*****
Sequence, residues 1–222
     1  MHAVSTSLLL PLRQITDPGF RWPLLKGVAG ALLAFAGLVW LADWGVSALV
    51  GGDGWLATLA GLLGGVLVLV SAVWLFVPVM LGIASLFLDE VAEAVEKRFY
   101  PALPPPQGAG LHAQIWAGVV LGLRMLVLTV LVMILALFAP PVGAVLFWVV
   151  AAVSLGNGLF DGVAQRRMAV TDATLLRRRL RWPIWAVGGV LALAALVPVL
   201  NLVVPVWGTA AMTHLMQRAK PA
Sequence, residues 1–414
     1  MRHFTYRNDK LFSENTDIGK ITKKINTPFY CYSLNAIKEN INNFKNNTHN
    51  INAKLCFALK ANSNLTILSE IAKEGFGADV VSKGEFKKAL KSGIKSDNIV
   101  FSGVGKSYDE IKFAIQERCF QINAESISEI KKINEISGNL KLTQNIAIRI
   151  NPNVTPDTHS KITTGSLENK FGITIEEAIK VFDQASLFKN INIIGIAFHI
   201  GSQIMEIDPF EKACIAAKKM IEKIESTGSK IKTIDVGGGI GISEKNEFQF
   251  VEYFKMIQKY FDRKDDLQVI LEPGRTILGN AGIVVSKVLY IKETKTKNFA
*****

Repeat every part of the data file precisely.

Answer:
Sequence, residues 1–222
     1  MHAVSTSLLL PLRQITDPGF RWPLLKGVAG ALLAFAGLVW LADWGVSALV
    51  GGDGWLATLA GLLGGVLVLV SAVWLFVPVM LGIASLFLDE VAEAVEKRFY
   101  PALPPPQGAG LHAQIWAGVV LGLRMLVLTV LVMILALFAP PVGAVLFWVV
   151  AAVSLGNGLF DGVAQRRMAV TDATLLRRRL RWPIWAVGGV LALAALVPVL
   201  NLVVPVWGTA AMTHLMQRAK PA
Sequence, residues 1–414
     1  MRHFTYRNDK LFSENTDIGK ITKKINTPFY CYSLNAIKEN INNFKNNTHN
    51  INAKLCFALK ANSNLTILSE IAKEGFGADV VSKGEFKKAL KSGIKSDNIV
   101  FSGVGKSYDE IKFAIQERCF QINAESISEI KKINEISGNL KLTQNIAIRI
   151  NPNVTPDTHS KITTGSLENK FGITIEEAIK VFDQASLFKN INIIGIAFHI
   201  GSQIMEIDPF EKACIAAKKM IEKIESTGSK IKTIDVGGGI GISEKNEFQF
   251  VEYFKMIQKY FDRKDDLQVI LEPGRTILGN AGIVVSKVLY IKETKTKNFA